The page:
Scott Dempster's bandmates and family stage memorial concert for the late Headlights bassist

The 'Last Waltz' style show happens at Ringside Cafe on Feb. 7.

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click to enlarge Scott Dempster, a long-time bass player on the Tampa Bay music scene who died of an apparent heart attack on Nov. 21 of last year, two months shy of his 68th birthday. - Photo c/o Dave Hundley
Photo c/o Dave Hundley
Scott Dempster, a long-time bass player on the Tampa Bay music scene who died of an apparent heart attack on Nov. 21 of last year, two months shy of his 68th birthday.
On the overcast afternoon of Jan. 19, a group of 30 to 40 people gathered under the Turner Park Pavilion in downtown Clearwater to celebrate the life and scatter the ashes of Scott Dempster, a long-time bass player on the Tampa Bay music scene who died of an apparent heart attack on Nov. 21 of last year, two months shy of his 68th birthday.

Several of those in attendance were Dempster’s friends since elementary school, and later went on to be in bands with him. “We got together and told stories about Scott,” said guitarist Steve Connelly, who played with Dempster for several years in the popular ‘80s/’90s band The Headlights. “It was a sad time, but a nice time. The spot where we were, at the end of Turner Street, was where Scott and his friends used to hang out as kids, smoke pot and drink beer.”

The memorial continues on Tuesday, Feb. 7 with a Celebration of Life honoring Dempster at Ringside Cafe, now located at 350 1st Ave. N in downtown St. Petersburg.  Connelly stepped forward to organize the live music, which will include performances by such old-heads as Bill Daniel (Peace of Woodstock), Danny DiPietro (The Headlights), Ed Woltil (Mad For Electra), Ricky Wilcox (Deloris Telescope), Walt Bucklin (Ronny Elliott & the Nationals), Ralph Martin, Bob Leichner, Dotti Leichner, and Connelly himself. Others may be added.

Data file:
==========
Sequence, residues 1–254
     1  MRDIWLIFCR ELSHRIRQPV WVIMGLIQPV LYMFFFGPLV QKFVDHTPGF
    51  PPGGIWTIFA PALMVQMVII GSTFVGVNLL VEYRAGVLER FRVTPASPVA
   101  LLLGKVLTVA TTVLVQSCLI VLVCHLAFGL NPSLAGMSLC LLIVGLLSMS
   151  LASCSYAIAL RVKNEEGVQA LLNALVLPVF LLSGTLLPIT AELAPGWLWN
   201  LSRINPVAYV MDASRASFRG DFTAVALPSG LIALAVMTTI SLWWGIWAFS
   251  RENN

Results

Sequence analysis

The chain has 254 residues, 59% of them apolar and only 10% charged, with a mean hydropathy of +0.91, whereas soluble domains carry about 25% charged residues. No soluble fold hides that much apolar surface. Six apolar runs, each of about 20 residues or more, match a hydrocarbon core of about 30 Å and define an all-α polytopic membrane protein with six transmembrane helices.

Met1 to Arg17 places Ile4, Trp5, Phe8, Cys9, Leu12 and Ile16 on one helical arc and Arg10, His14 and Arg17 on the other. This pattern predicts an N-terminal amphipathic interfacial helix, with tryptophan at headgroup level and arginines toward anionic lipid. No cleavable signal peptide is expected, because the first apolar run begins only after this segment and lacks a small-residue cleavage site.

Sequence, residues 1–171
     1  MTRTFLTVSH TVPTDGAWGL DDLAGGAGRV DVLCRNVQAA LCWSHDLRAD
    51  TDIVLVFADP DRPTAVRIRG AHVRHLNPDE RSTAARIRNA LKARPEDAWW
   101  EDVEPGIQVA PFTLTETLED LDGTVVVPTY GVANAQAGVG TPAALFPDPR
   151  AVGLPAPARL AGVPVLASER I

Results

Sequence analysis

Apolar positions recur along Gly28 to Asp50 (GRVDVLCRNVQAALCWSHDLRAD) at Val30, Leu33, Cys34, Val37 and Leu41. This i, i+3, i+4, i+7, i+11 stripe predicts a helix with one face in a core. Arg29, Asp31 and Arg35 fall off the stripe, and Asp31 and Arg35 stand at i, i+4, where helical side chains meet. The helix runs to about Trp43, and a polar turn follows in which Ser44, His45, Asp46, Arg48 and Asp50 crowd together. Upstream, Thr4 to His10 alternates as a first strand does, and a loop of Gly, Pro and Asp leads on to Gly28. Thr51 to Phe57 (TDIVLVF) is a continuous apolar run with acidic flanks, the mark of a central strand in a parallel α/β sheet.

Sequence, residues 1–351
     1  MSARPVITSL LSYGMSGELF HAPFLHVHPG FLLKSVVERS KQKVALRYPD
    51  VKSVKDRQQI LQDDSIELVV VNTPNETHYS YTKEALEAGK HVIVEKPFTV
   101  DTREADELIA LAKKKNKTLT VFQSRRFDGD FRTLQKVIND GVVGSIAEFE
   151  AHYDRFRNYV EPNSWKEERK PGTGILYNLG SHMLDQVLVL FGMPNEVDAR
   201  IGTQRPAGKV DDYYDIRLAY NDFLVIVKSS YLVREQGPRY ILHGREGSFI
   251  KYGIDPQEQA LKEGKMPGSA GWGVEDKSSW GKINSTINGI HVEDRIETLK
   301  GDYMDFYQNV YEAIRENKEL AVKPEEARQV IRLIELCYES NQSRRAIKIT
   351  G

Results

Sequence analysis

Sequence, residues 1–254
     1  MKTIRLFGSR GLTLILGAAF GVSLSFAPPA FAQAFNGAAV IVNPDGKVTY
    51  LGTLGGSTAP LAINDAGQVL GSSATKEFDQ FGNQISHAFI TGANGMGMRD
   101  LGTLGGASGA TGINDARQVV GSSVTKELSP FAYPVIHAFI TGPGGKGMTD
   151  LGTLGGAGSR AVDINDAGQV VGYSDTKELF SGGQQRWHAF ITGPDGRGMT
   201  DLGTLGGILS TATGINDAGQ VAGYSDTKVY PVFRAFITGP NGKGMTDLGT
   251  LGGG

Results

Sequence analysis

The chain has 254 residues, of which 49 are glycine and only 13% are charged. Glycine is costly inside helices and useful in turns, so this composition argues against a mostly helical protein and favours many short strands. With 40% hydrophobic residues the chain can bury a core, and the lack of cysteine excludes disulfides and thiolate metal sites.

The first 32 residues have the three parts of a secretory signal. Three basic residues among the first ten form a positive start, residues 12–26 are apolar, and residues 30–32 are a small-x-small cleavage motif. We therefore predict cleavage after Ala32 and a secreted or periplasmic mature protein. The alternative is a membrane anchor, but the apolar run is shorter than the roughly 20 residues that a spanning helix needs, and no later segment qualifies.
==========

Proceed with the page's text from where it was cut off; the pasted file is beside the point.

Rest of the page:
“Scott’s all-time favorite movie was ‘The Last Waltz,’” said Faune Walker, Dempster’s former girlfriend who took the lead in putting together the Celebration of Life. “We’re sending him off with his own Last Waltz.”

Dempster grew up in Clearwater and, like so many kids of his generation, fell under the spell of the British Invasion rock of the Rolling Stones, The Beatles, The Animals and others. “Experiencing this new music and all the pandemonium that surrounded it drew us into the point where we eventually crossed the line from being fans to learning to play an instrument so we could emulate our new found musical heroes,” emailed Daniel, Dempster’s childhood friend and a member of Peace of Woodstock, the tribute band that Dempster was once part of.

Dempster was happy to hold down the bottom end for whatever unit he was part of. “Scott wasn’t a virtuoso; he wasn’t even an accomplished musician,” Connelly recalled in a phone interview. “But he had the best bass tone. In The Headlights, I wrote his bass parts and showed him what to play. He’d learn them note-for-note and play the same thing consistently every night. That was a good thing when you had someone like me who basically never played the same from one night to the next. He had this pure love of being onstage and playing rock ’n’ roll.

“He was a rocker,” Connelly continued. “He loved the Stones. Scott never got into jazz, despised prog-rock. If you asked him about Yes, he’d say ‘No.’”